How to Semi-Retire in Your 30s

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This article was first published in 2016.

For many years I was all about early retirement. I remember telling anyone who would listen that I’d be retired by 30 back when I purchased my first investment property at the age of 24.

I was cocky in a way that only a 24-year-old with a high corporate salary could be. No kids, just money to burn. Or buy houses with.

The thing is, I turned 24 in 2006. And we all know what happened to most real estate markets in the years following 2006.

Bright young things were blown off their perches, and their dreams of early retirement through property riches transformed into visions of endless cubicle life.

It wasn’t until I discovered personal finance blogs that I understood early retirement was possible without a multi-million dollar property portfolio.

How to Semi-Retire in Your 30s Featured Image
I was (and continue to be) inspired by bloggers pursuing early retirement via frugal living and high savings rates (some as high as 65%.) Some had already left their jobs. Some are very close.

Most had a date on which they could hand in their notice and become official early retirees. Every single one of them inspired me to be better. To try harder.

After I had my babies, I realised that I didn’t actually want early retirement.

Well, technically, that’s a lie. If I won the lotto, I probably wouldn’t continue to work for money.

But for me, to get to the early retirement stage would mean putting my boys in full-time daycare and going back to the corporate world in order to save 25x our annual expenses.

And not travelling for ten years. No, thank you.

I’ve spent this past year trying to figure out exactly what I want, or more precisely, what will work for my family, and I think I’ve come up with a workable alternative.

Meet Early Semi-Retirement, Early Retirement’s Nerdy Younger Sister

For some of us, early retirement just isn’t possible.

For whatever reason – digging ourselves out of the sinkhole of consumer debt, having babies or returning to studies later in life mean we haven’t emerged from our twenties with huge pots of cash.

That’s not to say we’ve failed; after all, you wouldn’t be reading this blog if you didn’t have an interest in money.

You might be like me, with a few investment properties under your belt and a rock-solid idea of how to get where you’re going.

You’re just not there yet.

I want you to know there is an alternative. A not-often discussed alternative. Semi-retirement.

Defined by the Oxford English Dictionary as “having retired or withdrawn from employment or an occupation but continuing to work part-time or occasionally”.

Early Semi-Retirement

Sounds pretty rad, right? What if we just did that earlier than usual?

Perhaps in our thirties. I think that’d be called Early Semi-Retirement – and here’s my definition of that:

Early Semi-Retirement: It’s when you only need to work part-time, as you are able to cover your expenses on a drastically reduced income. It’s usually because you made awesome choices to save half or more of your DINK income when you were younger because you knew you’d never pull that kind of coin when you had babies. Not because they are expensive. They aren’t. But not being able to work your high-paying corporate gig is one hell of an opportunity cost. Then you chose to invest (you legend!), but your investments aren’t yet at the stage where they could support you. That’s cool, though, because now you are in an oddly comfortable spot of needing just a little cash in order to live your dream life.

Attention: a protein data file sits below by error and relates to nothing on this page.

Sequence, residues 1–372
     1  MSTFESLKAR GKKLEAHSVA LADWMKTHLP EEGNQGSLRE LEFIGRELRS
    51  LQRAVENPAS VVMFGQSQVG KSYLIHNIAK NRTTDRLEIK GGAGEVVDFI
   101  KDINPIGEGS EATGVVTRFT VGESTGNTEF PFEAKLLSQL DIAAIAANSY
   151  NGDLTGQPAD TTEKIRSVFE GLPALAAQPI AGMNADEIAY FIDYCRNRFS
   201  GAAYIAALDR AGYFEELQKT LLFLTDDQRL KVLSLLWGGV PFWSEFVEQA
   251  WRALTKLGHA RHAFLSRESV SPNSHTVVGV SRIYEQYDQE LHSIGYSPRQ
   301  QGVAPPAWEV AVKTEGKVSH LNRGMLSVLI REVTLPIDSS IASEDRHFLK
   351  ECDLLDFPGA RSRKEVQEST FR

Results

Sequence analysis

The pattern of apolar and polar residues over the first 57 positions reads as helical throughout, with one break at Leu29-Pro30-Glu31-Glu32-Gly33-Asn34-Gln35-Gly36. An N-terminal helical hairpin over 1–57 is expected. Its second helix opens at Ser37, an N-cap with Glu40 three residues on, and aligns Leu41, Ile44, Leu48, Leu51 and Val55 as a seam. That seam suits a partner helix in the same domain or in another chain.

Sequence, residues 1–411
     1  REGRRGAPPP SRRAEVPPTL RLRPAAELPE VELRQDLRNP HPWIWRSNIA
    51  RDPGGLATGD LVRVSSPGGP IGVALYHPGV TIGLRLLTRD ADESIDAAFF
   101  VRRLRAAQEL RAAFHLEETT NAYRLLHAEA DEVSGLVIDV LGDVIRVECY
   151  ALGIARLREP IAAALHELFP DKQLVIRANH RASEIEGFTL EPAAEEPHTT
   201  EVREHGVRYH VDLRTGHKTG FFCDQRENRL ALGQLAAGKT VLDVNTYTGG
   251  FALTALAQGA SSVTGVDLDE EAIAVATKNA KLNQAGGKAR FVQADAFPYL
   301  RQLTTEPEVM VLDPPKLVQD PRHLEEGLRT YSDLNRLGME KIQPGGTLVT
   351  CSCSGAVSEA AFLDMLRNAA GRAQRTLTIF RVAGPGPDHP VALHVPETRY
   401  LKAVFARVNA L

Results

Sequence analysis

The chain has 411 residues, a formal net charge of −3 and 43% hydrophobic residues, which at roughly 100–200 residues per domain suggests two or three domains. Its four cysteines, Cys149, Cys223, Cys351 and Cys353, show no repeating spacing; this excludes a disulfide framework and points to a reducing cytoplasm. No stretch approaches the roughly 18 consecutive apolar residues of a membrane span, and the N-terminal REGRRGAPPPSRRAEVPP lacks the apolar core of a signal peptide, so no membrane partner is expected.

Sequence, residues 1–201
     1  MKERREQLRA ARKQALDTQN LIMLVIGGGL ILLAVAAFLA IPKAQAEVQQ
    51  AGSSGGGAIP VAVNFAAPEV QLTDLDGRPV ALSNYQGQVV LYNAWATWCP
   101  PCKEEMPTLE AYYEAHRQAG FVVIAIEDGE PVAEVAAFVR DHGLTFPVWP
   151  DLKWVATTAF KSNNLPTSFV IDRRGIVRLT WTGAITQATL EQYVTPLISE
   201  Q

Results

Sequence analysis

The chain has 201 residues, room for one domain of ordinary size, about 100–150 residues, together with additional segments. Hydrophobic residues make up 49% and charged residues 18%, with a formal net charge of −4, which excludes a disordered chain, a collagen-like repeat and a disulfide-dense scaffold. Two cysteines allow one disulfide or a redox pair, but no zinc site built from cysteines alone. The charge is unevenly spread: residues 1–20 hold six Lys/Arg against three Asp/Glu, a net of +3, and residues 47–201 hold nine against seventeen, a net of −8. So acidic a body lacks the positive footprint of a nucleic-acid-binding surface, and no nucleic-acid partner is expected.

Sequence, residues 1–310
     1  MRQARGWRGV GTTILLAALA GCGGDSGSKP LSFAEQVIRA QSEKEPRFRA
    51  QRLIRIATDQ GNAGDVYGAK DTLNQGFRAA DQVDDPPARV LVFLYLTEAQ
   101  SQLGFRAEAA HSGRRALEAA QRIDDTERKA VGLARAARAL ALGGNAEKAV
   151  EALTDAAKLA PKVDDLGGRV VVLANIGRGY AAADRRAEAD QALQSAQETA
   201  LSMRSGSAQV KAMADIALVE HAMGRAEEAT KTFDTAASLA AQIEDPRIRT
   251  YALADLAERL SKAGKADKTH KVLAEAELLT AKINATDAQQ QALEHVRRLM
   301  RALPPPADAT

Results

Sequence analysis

Since deciding that early retirement was not the right choice for us we’ve veered towards semi-retirement with a vengeance.

We still don’t want (or need) to work full-time to have the life of our dreams, but we can’t quite afford to chuck it all in.(I’ll share my numbers later in the post).

We’ve worked really hard to get to this point – by following all of the points below.

How to Semi-Retire Early

Clear debt

I cannot stress this enough. Any debt that makes you poorer must go. High-interest-bearing debt is anathema to lifestyle options.

Car payments, credit cards, hire-purchase and (shudder) payday loans are emergencies.

You must prioritise them over everything else.

Save a little cash in case of emergency and then knuckle down to clear those horrible debts.

For me, becoming free of bad debt was the catalyst to a more prosperous life.

Find an affordable place to live.

I’m not saying you should buy a house, but if that’s right for you, go for it.

What’s important is that the place you choose to live in is affordable.

When we were living in a big city and earning big incomes, we lived in a rented apartment, shared with another couple.

The rent was approximately 10% of our combined income.

Keeping your housing cost low frees up a lot of cash for building wealth while you are young so that you can semi-retire (early) in your thirties.

If you are buying, pay no heed to what the bank will loan you, they have zero interest in you paying back your mortgage early and saving hundreds of thousands in interest.

Check out what the median price is in your area, and aim to buy well below that.

Then get in roommates to help you nail that mortgage.

If you are renting, make sure you invest the extra cash you save by not being a homeowner.

Slash your expenses and become accustomed to a frugal life

Work out your core expenses and budget around those – not the other way round.  

Allow yourself only that fixed amount each month and save or invest the rest.

Our monthly budgeted expenses closely correlate with a minimum wage income – so basically, we pretend we are poor.

It does wonders for keeping expenses low.

You should spend time learning how to be frugal (it doesn’t come naturally to a lot of people – me included) and pursuing interests that are either cost-neutral or net you some food (gardening, foraging) or, even better, cash!

Multiple income streams

The secret to being able to choose whether you want to take some time off to travel or take a part-time job whilst working on a passion project is to have multiple income streams.